Immigration in the OECD countries increases
A new survey that was recently released by The Organisation for Economic Co-operation and Development shows that the immigration in the OECD countries is rising, but it still remains below the levels of 2007. The report that is called international immigration outlook 2013 draws the conclusion that the permanent immigration to OECD countries has risen with 2% in 2011 and with another 2% in 2012. In addition to that the number of international students also continues to rise. Just in 2010 there were more than 2,3 million international students.
By far the greatest number of migrants, 1.06m, settled in the US in 2012. Next came Russia (413,000), Spain (349,000), the UK (321,000) and Italy (312,000). The report also showed that the US had the highest immigrants as percentage of the total population of the country. Around 40.38m people who live in the US are born abroad. In comparison with 7.43m in the UK, 6.93 in Canada and 6.03m in Australia.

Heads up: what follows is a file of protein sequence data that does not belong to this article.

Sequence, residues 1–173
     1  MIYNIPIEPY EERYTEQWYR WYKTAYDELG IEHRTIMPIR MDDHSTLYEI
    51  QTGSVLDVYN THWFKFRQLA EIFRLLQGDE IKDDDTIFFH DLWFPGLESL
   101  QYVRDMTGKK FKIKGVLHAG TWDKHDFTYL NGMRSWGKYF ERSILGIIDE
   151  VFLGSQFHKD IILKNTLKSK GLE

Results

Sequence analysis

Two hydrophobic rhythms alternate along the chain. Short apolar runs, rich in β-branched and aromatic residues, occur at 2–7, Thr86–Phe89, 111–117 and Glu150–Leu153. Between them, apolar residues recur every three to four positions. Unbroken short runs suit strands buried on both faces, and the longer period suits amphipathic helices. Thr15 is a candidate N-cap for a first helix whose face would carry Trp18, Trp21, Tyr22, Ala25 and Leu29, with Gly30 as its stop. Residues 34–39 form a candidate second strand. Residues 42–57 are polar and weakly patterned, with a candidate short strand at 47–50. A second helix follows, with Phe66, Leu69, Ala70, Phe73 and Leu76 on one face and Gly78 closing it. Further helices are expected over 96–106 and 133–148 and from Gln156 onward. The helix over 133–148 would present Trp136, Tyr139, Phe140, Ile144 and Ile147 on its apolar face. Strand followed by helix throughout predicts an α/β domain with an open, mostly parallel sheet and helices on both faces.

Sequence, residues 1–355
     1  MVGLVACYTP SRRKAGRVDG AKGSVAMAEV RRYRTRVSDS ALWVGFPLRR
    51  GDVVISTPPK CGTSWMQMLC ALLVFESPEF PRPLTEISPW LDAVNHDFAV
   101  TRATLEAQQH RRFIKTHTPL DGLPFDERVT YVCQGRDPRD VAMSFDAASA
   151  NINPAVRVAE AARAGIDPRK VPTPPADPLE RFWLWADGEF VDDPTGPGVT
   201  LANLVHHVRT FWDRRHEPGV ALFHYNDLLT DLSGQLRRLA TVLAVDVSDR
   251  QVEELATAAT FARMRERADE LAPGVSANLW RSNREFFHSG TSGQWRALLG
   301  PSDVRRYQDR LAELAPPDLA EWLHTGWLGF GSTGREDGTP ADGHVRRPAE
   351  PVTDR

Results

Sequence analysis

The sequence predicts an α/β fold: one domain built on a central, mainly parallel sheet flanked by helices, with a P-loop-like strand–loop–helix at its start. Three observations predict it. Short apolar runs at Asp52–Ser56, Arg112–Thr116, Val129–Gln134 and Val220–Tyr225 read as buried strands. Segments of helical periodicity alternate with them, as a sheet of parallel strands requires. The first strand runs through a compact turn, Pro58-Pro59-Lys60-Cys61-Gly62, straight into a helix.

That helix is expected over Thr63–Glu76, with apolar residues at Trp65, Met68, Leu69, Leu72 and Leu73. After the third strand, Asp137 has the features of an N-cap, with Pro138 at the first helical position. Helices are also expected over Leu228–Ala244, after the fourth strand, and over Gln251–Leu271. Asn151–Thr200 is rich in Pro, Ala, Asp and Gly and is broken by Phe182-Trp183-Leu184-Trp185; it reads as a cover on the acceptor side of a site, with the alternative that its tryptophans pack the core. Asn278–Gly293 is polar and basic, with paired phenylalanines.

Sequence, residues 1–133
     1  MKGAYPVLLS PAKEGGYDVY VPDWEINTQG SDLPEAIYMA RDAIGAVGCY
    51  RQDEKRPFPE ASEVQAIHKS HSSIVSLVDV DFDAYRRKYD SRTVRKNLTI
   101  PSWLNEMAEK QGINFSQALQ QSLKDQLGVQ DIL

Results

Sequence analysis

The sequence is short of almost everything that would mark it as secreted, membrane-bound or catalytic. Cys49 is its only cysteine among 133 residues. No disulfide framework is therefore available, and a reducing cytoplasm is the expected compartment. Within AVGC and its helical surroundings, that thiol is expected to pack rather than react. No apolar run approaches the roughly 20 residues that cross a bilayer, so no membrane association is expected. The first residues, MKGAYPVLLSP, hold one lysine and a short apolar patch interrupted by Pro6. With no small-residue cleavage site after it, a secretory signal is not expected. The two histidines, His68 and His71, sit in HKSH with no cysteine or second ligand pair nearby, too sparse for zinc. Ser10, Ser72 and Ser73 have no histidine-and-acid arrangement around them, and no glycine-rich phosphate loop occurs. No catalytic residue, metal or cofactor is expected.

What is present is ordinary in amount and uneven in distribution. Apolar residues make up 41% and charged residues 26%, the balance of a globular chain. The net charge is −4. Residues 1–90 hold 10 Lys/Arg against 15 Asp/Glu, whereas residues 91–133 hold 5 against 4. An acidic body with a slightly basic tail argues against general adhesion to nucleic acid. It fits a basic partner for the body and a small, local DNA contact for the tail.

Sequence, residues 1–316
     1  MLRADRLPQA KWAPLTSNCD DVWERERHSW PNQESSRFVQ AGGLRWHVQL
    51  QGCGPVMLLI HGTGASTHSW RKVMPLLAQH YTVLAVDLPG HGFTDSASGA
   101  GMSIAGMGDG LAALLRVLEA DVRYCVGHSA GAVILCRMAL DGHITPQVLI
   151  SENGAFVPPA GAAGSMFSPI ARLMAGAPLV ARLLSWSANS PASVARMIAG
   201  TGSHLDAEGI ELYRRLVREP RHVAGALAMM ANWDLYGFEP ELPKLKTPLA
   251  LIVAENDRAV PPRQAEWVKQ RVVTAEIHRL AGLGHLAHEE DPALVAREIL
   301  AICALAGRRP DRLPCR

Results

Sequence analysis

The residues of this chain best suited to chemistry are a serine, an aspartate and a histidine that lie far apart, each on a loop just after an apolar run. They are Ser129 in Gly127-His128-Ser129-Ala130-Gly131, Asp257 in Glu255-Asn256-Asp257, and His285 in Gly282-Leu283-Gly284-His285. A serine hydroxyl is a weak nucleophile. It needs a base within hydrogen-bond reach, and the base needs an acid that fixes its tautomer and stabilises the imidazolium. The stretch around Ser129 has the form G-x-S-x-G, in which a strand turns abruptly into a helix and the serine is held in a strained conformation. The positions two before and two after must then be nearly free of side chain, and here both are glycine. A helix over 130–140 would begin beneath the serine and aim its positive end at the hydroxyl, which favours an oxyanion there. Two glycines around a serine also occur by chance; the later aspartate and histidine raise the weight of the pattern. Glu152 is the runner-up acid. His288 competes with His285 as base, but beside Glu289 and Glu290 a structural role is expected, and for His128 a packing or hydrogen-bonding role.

OECD was founded in 1961 and currently comprises of 34 countries most of which are de facto the richest in the world. The main goal of the organization is to serve as catalyst for a free trade and global prosperity. There is also a lot of evidence that leads to the conclusion that the people for the current immigration waves are hit by unemployment. While the unemployment rate of the native-born workforce has risen by 3% on average in OECD countries, the rate of unemployment among immigrants has risen by 5% between 2008 and 2012. This is especially evident among the low skilled migrants and the youths. The survey finds that China is the largest source of immigrants for OECD. India is another large country of origin, but now a lot of immigrants come from Romania and Poland as well.